Anyway, while Mrs Danvers doesn’t teach you how to do a stalking, but she’s filled with diamond tips on how to do an obsession.

She loathes Maxim’s new wife only because she adored Rebecca so much; and the house is kept precisely as Rebecca had left it not because Maxim likes it that way, but because Mrs Danvers wants it preserved.

Using Neruda to crack onto people

At the moment I’m hearing the song ‘Treat you Better’ all the time, and its really shitting me to tears. I hate those kinds of songs where the basis is, a persons significant other is shit and they should really consider chucking them because in my (the singer’s) humble, and completely unbiased*, opinion I’m way better to date. 

I’d love to hear a response song to ‘Treat you Better’ called ‘I still stand by my decision Shawn Mendes! I’m a grown woman who can make my own choices. Fuck off’** . 

Anyway, the reason I’m bringing this song up is because its clearly an attempt to entice this woman using the medium of song – and therefore poetry, and frankly it sucks. It instantly made me think of Pablo Neruda’s beautiful poem If you Forget Me in comparison.

If you want to win somebody’s heart with words, my advice is to seek Pablo Neruda for inspiration. In If you Forget Me, Neruda writes that he will respect her feelings if she does not love him – ‘I shall lift my arms and my roots will set off to seek another land’.

However if she feels that they are destined for each other ‘ah my love, ah my own, in me all that fire is repeated’ – now that’s a man.

Neruda is my favourite poet, and he is hands down the smoothest mother-fucker in poetry! When he wrote about romantic love he wrote with a burning passion.

He described his subjects in intrinsic detail, and as though the whole universe conspired for them to be together. In Your Feethe writes ‘I love your feet only because they walked upon the earth and upon the wind and upon the waters, until they found me.’

When Neruda described their beauty or their body, he would do so with nature metaphors and in way that suggested complete adoration -‘Body of my woman, I will persist in your grace. My thirst, my boundless desire, my shifting road’.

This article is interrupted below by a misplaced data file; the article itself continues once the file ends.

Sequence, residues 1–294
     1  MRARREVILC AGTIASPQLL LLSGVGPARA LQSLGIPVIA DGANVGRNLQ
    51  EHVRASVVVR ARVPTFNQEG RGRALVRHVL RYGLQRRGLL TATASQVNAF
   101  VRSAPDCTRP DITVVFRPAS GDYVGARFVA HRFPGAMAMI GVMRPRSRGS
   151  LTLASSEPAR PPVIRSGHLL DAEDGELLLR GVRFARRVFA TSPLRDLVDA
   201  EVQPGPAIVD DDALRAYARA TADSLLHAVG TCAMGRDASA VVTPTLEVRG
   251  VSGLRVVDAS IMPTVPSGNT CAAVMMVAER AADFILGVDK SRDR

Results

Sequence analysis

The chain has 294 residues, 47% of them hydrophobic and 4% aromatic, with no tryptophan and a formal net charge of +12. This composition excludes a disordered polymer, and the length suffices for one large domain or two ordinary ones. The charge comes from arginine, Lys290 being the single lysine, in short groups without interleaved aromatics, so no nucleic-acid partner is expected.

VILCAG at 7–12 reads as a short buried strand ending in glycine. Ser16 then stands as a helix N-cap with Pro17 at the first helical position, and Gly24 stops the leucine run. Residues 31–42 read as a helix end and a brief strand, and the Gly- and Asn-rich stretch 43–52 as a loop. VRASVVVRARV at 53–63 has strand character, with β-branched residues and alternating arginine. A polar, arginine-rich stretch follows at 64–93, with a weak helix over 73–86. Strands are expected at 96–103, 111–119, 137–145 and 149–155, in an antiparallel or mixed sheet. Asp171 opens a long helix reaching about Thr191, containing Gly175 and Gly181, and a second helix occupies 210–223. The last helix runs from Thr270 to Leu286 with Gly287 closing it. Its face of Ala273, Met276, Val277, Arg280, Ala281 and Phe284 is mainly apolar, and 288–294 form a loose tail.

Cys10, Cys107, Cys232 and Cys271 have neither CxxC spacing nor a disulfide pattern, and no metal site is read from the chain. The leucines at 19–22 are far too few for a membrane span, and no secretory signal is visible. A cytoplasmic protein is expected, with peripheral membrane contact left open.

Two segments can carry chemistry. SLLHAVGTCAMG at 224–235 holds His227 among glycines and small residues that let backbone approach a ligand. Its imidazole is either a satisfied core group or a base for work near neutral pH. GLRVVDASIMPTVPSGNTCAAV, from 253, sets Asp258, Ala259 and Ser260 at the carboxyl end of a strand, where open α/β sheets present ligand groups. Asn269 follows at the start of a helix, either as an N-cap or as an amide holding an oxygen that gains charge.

So I guess my point is if you’re planning on writing a song and/or poem to a love interest that details how much you fancy them and outlines what a fabulous catch you are, read some Neruda. Here’s a few more quotes to get you started:

‘I have gone marking the atlas of your body with crosses of fire’ – I Have Gone Marking 

‘In you the rivers sing and my soul flees in them’ – Ah Vastness of Pines

‘Naked, you are simple as a hand, minimal, supple, earthy, transparent, round. The lunar markings, the pathway through the apple, are yours; naked, you are slender as the wheat.’  – Morning

‘I waken and widen my eyes, and you plant in my flesh the darkening stars that rise in my soul’ – Girl Gardening

‘I want to do to you what spring does with the cherry trees’ – Everyday you Play

How could one not love her great still eyes’ – Tonight I can Write 

 

 

(*its just such a shit song! of course you think she’s in ‘the wrong situation’ if you’re also trying to tap in)

(** also while we’re on the topic, in Taylor Swift’s song ‘You Belong With Me’ I really would love to know the joke Taylor refers to at the start that she found amusing but this boy’s girlfriend didn’t. Was the joke concerning the girlfriends physical appearance? Did he give her an unflattering nickname like Chewbacca?)